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cfetzer

01:18PM | 09/13/05
Member Since: 05/09/05
3 lifetime posts
Bvelectrical
Hello everyone,

I'm going to start finishing my basement soon and I need some advice about my switchbox.

This is my current setup (and is what came with the house, which I purchased two years ago.)

The house is just over 30 years old. It has 100 amp service and the switchbox is tapped out (no empty breaker slots and all breakers that are installed are in use.) Also there is what looks like a small sub panel mounted right next to it with a switch that controls an outdoor Jacuzzi.

Here is the main concern: A few months back, I had a contractor come in and install a new stairwell running down into the basement. While he was working on that project, I asked him to run a 220 outlet up to the kitchen because my wife and I were planning on purchasing an electrical stove to replace an aging gas stove. First of all, when he opened the switchbox, he found out that I only have 100 amp service. But, while taking a look at the whole configuration, and especially the sub panel next to the main box, he found that the sub panel is connected directly to the main electrical wire that comes into the house. I think the way he put it was that it was installed "before" the main switchbox and cut-off. He mentioned that this didn't sit right with him, as it might be hazardous for the sub panel to be installed in such a way (might be a problem if there was a heavy power surge, or something like that.)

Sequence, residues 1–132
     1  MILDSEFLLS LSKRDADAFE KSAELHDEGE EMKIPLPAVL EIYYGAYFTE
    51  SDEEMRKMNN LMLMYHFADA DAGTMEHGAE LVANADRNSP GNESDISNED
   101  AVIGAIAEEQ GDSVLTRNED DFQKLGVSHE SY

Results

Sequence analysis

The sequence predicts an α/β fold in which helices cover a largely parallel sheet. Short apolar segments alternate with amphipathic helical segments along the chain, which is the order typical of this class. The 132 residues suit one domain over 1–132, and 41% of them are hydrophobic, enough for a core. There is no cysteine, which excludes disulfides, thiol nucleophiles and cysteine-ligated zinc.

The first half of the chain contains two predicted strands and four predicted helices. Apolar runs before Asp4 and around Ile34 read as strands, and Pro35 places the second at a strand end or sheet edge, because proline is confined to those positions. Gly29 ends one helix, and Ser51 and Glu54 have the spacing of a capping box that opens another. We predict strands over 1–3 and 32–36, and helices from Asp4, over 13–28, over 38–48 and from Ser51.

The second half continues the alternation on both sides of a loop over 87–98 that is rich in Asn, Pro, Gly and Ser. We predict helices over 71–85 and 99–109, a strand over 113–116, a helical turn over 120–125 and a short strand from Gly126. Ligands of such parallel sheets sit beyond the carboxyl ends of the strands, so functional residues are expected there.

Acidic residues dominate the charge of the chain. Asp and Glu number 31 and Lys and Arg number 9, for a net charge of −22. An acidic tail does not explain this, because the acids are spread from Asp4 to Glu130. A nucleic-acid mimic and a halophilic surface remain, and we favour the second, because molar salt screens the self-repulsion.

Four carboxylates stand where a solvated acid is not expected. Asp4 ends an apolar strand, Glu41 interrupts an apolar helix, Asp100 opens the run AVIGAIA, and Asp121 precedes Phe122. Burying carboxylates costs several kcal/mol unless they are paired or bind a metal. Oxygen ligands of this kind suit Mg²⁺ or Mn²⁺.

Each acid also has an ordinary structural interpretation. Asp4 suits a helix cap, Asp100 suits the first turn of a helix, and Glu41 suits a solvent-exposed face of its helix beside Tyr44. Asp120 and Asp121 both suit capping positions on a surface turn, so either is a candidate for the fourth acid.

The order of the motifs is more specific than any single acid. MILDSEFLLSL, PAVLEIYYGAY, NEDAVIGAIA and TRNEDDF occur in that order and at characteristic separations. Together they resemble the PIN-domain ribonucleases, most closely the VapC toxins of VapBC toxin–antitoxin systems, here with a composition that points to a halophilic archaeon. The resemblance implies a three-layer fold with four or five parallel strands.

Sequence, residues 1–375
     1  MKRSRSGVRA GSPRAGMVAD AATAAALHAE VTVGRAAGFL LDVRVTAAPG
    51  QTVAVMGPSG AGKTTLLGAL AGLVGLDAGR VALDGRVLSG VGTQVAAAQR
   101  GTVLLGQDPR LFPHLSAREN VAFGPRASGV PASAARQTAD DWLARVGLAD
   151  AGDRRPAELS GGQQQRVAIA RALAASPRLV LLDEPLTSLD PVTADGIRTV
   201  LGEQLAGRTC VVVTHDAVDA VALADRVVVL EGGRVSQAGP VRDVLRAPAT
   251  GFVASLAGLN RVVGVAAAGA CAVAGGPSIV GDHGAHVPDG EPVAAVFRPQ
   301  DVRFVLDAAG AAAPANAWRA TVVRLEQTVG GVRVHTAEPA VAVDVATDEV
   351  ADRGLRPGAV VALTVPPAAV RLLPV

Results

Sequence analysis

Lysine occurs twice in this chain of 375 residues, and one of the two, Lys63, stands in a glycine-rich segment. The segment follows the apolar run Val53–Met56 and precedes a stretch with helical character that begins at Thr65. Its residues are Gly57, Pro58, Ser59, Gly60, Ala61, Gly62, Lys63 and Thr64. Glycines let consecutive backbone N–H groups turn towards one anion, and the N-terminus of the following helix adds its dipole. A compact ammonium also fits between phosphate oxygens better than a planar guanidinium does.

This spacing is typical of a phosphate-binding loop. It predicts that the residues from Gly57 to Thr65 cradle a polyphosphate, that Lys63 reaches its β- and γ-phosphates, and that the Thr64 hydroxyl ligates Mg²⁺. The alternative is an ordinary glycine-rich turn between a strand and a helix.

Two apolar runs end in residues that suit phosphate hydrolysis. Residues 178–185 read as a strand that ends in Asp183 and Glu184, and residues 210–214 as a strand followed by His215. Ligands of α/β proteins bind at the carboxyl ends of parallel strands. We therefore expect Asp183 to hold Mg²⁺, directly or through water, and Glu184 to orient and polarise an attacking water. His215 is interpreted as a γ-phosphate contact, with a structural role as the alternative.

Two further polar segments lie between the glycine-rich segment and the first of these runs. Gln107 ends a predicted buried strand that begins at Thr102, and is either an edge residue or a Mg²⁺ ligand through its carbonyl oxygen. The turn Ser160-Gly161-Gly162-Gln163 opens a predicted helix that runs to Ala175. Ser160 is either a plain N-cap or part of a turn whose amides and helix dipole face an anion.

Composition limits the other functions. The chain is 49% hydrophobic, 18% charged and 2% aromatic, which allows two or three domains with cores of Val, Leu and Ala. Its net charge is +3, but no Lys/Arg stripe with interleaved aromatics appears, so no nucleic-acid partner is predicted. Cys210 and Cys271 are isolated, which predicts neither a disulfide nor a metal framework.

This concerns me, but the contractor was not an electrician, so I don't know if he's correct, and he did say that he could be wrong, but it just didn't seem right to him based on what he's seen in his profession.

Anyway, the contractor told me that it might be a good idea to think about upgrading to 200 amp service if I was thinking about finishing the basement. I asked what the cost was and he told me that it could cost in upwards of $2000, but he'd have to check with an electrician buddy of his to find out. I asked if there was a more inexpensive way to handle the problem, and he mentioned that I could have the box replaced with a box that has more switch capacity, (and get rid of the subpanel while I'm at it.)

What I need to know, are the following:

What do you think about what I told you regarding the sub panel being installed the way it is? I'm not sure if I got the term correct, I think he called it a sub panel, but what it is, is a small box (looks like a mini-switchbox) containing a couple of breaker switches that links directly to the main power source, and it's connected before the main cut-off. Quite frankly, if this is as bad as the contractor made it seem, I'm very surprised the home inspector didn't "ding" this when I went through the purchase process.

I also need to know your thoughts about upgrading from 100 to 200 amps? I understand that 200 would be the way to go and it's no doubt where I would like to be, but it sounded very expensive. What exactly is involved with making such an upgrade? Is another wire from the electrical company pulled into my house, thereby bringing me up to 200, and/or is a new box installed as well?

I greatly appreciate your responses!

Chad

Billhart

02:51PM | 09/13/05
Member Since: 04/25/05
1915 lifetime posts
The first thing that you will need to do is to have a load demand calculation done.